Milestones: 1784–1800

Treaty of San Lorenzo/ Pinckney’s Treaty, 1795

Spanish and U.S. negotiators concluded the Treaty of San Lorenzo, also known as Pinckney’s Treaty, on October 27, 1795. The treaty was an important diplomatic success for the United States. It resolved territorial disputes between the two countries and granted American ships the right to free navigation of the Mississippi River as well as duty-free transport through the port of New Orleans, then under Spanish control.

Thomas Pinckney

Thomas Pinckney

Prior to the treaty, the western and southern borders of the United States had been a source of tension between Spain and the United States. The U.S. border extended to the Mississippi River, but its southern stretch remained in Spanish territory, and Spanish officials, reluctant to encourage U.S. trade and settlement in a strategic frontier area, kept the Mississippi River closed to American shipping. Moreover, both Spain and the United States claimed portions of the present-day states of Alabama and Mississippi, and earlier negotiations to resolve the territorial disputes had broken off inconclusively. The Spanish government maintained several forts in the disputed territories, and could also count on indigenous resistance to U.S. attempts to survey or encroach upon Native American lands. U.S. citizens from the southern states and frontier areas found Spanish policies restrictive, and wanted the U.S. Government to renegotiate its positions.

Prior to 1789, Spanish policy had focused on keeping American trade and settlement in frontier areas to a minimum, and so neither Spanish colonial officials nor policymakers in Madrid were interested in granting the concessions that U.S. negotiators had attempted to obtain earlier. However, Spanish interests changed during the wars of the French Revolution. Spain joined the other European monarchies in war against France in 1793, but by 1794 Spanish forces experienced defeats in the Caribbean and Europe. Spanish King Charles IV, uninterested in managing political affairs, had earlier handed political and diplomatic responsibilities to his prime minister, Manuel de Godoy. Godoy sought to extract Spain from its alliance with its traditional enemy Great Britain, and to restore peace with France. Godoy’s policy was not without risks, as antagonizing the British would put Spanish colonies in the Americas at risk.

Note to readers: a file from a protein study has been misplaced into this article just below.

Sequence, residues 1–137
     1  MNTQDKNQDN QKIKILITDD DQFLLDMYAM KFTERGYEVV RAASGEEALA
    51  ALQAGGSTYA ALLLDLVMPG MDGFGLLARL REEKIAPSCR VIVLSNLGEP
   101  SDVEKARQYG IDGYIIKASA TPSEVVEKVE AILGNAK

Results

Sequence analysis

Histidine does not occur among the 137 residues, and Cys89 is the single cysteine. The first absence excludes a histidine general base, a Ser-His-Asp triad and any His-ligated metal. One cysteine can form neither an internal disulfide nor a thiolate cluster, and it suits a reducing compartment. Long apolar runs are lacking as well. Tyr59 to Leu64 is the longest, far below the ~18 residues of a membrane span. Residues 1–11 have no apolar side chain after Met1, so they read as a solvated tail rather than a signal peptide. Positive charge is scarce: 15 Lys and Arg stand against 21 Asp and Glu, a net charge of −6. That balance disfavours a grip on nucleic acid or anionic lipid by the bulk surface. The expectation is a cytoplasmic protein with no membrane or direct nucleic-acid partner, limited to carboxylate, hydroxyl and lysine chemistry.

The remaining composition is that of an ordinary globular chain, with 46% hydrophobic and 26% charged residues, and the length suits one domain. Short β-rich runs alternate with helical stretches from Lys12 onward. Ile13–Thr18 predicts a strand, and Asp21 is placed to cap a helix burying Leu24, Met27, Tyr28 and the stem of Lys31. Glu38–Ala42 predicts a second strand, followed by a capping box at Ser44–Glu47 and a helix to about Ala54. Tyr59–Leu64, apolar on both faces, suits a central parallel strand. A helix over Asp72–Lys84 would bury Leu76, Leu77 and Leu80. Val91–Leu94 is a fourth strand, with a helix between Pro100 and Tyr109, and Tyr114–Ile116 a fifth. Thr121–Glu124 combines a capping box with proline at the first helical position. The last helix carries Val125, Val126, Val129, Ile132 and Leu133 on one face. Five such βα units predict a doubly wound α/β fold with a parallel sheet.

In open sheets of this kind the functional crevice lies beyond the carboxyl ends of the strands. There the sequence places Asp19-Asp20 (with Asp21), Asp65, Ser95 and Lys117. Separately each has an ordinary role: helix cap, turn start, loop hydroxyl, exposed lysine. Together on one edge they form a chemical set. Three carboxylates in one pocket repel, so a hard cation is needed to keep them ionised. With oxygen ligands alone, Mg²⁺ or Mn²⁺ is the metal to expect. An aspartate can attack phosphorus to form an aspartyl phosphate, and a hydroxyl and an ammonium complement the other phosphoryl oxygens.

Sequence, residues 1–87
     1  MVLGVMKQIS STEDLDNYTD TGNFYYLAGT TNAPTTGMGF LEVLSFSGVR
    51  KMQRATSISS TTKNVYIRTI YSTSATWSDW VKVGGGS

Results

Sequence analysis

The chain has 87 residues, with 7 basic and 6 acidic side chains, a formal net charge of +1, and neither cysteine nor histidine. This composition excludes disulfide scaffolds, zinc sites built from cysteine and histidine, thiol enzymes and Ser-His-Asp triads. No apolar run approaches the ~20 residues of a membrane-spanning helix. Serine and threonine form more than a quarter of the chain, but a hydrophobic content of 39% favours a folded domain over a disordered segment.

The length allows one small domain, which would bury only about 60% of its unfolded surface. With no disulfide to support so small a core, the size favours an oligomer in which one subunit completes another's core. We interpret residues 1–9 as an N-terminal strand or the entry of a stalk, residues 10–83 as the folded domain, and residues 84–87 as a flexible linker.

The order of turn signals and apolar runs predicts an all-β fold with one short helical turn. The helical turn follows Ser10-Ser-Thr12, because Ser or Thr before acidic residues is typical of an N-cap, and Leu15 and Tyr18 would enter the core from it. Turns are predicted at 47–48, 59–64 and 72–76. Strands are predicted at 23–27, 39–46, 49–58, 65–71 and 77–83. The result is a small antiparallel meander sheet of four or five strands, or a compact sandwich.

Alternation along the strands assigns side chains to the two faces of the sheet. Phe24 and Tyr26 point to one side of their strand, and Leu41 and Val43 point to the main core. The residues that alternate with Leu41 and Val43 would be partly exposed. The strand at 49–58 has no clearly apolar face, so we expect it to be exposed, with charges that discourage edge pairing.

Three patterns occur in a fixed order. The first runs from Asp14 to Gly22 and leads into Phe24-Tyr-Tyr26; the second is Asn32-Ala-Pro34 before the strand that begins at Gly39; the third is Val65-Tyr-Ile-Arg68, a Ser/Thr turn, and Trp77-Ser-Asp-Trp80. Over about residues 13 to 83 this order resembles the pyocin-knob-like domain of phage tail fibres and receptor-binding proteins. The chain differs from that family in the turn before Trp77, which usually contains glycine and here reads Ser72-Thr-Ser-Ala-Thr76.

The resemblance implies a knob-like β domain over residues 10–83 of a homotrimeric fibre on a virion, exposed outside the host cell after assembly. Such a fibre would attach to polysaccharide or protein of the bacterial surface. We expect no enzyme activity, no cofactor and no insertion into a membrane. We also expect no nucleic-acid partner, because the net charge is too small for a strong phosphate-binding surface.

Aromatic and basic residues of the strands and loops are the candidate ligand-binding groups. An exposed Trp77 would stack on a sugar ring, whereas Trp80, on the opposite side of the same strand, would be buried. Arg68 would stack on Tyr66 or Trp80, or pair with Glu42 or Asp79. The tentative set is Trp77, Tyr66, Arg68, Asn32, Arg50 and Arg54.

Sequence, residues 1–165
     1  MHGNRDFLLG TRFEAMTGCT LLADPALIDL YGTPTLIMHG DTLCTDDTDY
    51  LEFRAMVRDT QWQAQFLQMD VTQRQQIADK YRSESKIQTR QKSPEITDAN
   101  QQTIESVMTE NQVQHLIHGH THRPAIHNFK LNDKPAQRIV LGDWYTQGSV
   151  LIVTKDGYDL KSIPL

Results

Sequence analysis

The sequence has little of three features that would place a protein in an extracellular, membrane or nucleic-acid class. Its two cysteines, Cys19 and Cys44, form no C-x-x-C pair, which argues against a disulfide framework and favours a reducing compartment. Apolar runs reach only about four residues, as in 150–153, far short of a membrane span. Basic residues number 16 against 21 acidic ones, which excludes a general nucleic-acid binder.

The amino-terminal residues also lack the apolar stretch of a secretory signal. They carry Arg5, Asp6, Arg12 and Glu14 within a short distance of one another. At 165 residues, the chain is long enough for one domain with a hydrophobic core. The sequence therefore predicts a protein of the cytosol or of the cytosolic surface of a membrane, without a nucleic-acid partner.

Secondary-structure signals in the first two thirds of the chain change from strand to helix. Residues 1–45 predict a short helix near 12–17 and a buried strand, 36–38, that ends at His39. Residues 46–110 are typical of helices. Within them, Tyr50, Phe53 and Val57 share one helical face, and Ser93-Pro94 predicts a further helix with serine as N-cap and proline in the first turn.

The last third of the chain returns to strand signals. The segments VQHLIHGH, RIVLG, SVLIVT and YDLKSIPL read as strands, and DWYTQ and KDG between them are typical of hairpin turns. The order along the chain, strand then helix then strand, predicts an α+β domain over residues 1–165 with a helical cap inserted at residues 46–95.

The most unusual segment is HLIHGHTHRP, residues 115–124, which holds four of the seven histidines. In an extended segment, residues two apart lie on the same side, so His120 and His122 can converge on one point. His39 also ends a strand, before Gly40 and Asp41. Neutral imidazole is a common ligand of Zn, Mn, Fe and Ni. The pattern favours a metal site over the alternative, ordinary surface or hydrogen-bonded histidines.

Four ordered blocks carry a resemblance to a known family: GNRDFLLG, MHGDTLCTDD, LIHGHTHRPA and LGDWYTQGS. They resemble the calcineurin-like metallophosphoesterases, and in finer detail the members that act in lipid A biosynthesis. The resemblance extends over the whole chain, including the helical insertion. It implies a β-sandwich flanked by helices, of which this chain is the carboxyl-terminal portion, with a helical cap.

While Spanish diplomats sought to shift Spanish alliances, U.S. diplomat John Jay arrived in London to negotiate a treaty with Great Britain. Spanish officials feared that Jay’s negotiations would result in an Anglo-American alliance and an invasion of Spanish possessions in North America. Sensing the need for rapprochement, Godoy sent a request to the U.S. Government for a representative empowered to negotiate a new treaty. President George Washington selected South Carolinian Thomas Pinckney, who had been serving as United States minister to Great Britain.

Charles IV of Spain

Charles IV of Spain

Pinckney arrived in Spain in June of 1795, and negotiations proceeded swiftly. Spain’s political and military position had weakened under its defeats and war expenses, while population growth in Kentucky and Tennessee, combined with a shortage of European ships to sustain trade with Louisiana, made Spanish officials amenable to a change in restrictive Spanish trade policies. Godoy offered to accept the 31st parallel as the U.S.-Florida border as well as the right to free navigation of the Mississippi, which Americans west of the Appalachians supported enthusiastically. In return, Godoy requested that the United States commit to an alliance with Spain.

Pinckney rejected the alliance, and after further consultation Godoy provided the same offer without the necessity of the alliance. Nevertheless, negotiations came to an impasse as the Spanish continued to insist on their right to require duties for goods passing through Spanish-held New Orleans. Pinckney threatened to leave without signing a treaty unless the Spanish dropped duties on American trade passing through New Orleans. The next day, Godoy agreed to Pinckney’s demands, and the two negotiators signed the treaty on October 27, 1795. The final treaty also voided Spanish guarantees of military support that colonial officials had made to Native Americans in the disputed regions, greatly weakening those communities’ ability to resist encroachment upon their lands.

The Treaty of San Lorenzo enabled and encouraged American settlers to continue westward expansion, and made frontier areas more attractive and lucrative. Consequently, it was popular with the American public, especially in the West and South. Since Thomas Pinckney was associated with the Federalist Party, the treaty served to bolster the Federalists outside of their New England stronghold and give the party a stronger base in areas where it had traditionally been weak. Diplomatically, the treaty marked a reverse in Spanish policies that attempted to maintain a strong buffer region in North America, while placing the United States in a stronger position in relation to European powers compared to the U.S. concessions made in Jay’s Treaty.